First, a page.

How to Balance Self-Care in Romantic Relationships
Relationships are the ultimate test of self-care.
When you prioritize self-care, relationships stay healthy and balanced. Both partners can preserve their individuality without sacrificing too much of themselves for the relationship. The demands of work and family make prioritizing self-care a real challenge.
In this blog you’ll learn how to maintain romantic relationships without neglecting your own individual needs.
Never Base Your Worth on a Relationship
The basis of self-care is a sense of self-worth. When we take care of ourselves, we can honor our own emotional, physical and spiritual needs.
But when a person looks to a relationship for his or her self-worth, it creates problems. You start to relying too much on what your partner thinks instead of trusting your intuition. Letting someone else define what’s best for you means that you are forever chasing them to feel valued. Your partner becomes your main source of validation which eventually becomes problematic.
This creates an unhealthy dependency where one person takes on a more domineering role while the one seeking approval becomes increasingly passive. This type of imbalance is common in codependent or abusive relationships.
Naturally, this dependency creates a host of other problems like resentment, possessiveness and insecurity. When people can’t value themselves, they usually resort to unhealthy strategies to feel valued. For instance, they may become human doings; that is, people who finds their value only in what they give to others rather than who they are. They may also ignore what they need in order to give more to the relationship. These habits often trigger the desire to control or manipulate outcomes in order to get the love that they need.
Tip: Don’t be defined by your relationships. Having a healthy sense of self requires taking full responsibility for loving yourself rather than finding someone else to do it for you. For more on this read How to Build Self-Esteem from the Inside Out.
Don’t Be Afraid to Set Boundaries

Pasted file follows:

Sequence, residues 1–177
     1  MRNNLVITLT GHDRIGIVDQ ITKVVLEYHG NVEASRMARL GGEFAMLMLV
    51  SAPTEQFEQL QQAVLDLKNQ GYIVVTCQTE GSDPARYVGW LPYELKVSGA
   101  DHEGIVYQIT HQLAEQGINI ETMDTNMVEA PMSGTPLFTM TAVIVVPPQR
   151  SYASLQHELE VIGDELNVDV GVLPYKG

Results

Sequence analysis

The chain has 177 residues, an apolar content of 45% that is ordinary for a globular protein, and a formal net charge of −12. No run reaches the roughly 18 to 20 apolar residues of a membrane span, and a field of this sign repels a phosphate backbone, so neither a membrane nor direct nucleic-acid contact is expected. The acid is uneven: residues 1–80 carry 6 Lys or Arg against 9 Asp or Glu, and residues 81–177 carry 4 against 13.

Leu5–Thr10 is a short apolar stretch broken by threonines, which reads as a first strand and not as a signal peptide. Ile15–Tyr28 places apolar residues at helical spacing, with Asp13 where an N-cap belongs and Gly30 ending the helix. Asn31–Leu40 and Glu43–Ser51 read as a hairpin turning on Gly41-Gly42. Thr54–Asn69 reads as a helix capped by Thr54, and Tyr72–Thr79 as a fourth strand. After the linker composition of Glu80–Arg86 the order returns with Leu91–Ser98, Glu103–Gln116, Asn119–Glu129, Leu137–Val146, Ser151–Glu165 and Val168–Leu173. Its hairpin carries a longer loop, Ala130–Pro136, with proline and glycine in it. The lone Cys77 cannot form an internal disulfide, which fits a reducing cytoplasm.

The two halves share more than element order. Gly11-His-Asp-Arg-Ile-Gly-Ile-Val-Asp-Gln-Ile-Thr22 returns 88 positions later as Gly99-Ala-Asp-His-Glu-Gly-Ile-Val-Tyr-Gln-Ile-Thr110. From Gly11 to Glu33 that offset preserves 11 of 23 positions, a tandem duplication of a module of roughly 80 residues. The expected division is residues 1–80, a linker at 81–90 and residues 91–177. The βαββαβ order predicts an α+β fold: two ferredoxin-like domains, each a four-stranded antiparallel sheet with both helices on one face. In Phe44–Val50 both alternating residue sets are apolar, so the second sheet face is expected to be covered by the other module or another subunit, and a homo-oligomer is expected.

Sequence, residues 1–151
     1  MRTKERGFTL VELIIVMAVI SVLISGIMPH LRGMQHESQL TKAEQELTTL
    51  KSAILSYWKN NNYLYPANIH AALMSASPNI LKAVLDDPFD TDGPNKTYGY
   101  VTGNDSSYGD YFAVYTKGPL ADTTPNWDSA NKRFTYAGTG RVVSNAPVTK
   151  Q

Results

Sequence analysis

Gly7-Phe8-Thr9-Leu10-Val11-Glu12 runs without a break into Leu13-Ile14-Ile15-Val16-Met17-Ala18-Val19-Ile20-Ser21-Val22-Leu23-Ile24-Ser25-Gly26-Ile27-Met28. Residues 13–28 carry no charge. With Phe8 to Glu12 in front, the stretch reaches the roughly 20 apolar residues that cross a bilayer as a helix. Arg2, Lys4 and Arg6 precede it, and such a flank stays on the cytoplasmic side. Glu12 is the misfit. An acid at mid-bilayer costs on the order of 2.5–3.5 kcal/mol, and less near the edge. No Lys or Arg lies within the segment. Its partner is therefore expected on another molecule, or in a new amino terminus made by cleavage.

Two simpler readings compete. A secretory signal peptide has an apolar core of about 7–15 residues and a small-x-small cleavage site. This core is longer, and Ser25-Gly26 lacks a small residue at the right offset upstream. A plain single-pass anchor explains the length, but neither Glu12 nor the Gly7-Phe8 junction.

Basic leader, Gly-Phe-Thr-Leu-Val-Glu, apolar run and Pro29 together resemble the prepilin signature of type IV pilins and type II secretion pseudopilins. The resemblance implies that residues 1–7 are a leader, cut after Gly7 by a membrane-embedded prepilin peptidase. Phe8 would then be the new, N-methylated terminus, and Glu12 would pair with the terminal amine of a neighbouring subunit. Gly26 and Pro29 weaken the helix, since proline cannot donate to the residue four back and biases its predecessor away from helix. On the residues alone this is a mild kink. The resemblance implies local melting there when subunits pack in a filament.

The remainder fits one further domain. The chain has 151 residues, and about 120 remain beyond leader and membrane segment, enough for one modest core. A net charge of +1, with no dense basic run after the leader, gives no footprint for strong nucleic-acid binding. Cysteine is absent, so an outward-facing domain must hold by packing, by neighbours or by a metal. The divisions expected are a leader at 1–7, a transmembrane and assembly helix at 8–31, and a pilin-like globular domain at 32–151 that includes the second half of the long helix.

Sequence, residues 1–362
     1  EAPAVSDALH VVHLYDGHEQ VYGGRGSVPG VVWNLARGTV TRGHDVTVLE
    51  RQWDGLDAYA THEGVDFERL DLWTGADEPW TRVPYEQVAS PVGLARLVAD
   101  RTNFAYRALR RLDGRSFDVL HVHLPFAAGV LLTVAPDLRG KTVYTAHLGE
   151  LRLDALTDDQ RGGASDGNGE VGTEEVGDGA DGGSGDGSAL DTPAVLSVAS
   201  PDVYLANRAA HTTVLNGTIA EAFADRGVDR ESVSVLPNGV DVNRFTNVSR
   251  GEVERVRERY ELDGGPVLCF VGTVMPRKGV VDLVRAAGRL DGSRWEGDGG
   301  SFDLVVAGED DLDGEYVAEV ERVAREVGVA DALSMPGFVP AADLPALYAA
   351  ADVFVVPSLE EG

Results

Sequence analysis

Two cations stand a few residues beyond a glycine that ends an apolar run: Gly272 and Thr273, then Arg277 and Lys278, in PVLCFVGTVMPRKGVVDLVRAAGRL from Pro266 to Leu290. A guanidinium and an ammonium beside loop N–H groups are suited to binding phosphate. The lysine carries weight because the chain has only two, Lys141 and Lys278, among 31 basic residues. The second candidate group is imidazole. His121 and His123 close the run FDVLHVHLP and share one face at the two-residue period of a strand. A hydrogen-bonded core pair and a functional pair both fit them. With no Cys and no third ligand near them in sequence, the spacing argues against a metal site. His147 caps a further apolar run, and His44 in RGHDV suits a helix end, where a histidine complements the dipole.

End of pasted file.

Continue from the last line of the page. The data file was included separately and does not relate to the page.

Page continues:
By creating boundaries in relationships, you become your own advocate. Boundaries convey the message that your needs count and that you deserve as equal, loving partnership. Setting limits for yourself will determine what you need to do next. You have the power to decide whether to leave a hurtful situation or take care of yourself in it. They also encourage a healthy assertiveness that will serve you well in any relationship.
Relationships needs boundaries in order to be healthy. Setting limits for yourself will determine what you need to do next. They are never about controlling the other person. When each person takes responsibility for their own needs, instead of expecting the relationship to take care of their every need, the relationship stays healthy.
Tip: Don’t assume that others won’t like it if you set limits. While change is uncomfortable at first, setting boundaries gets easier with practice.
The Difference Between a Boundary and a Request
In a healthy relationship it’s important to recognize the difference between a boundary and a request. A boundary determines what you will do while a request speaks to what you want from the other person. Negotiating each person’s limits up front keeps everything equal and respectful.
Every relationship differs in terms of what boundaries are agreed upon. Some people want stricter boundaries, while others may not need them. There is no “right way” to establish boundaries, but it is critical that you have them.
Here are some common boundaries that are important to negotiate: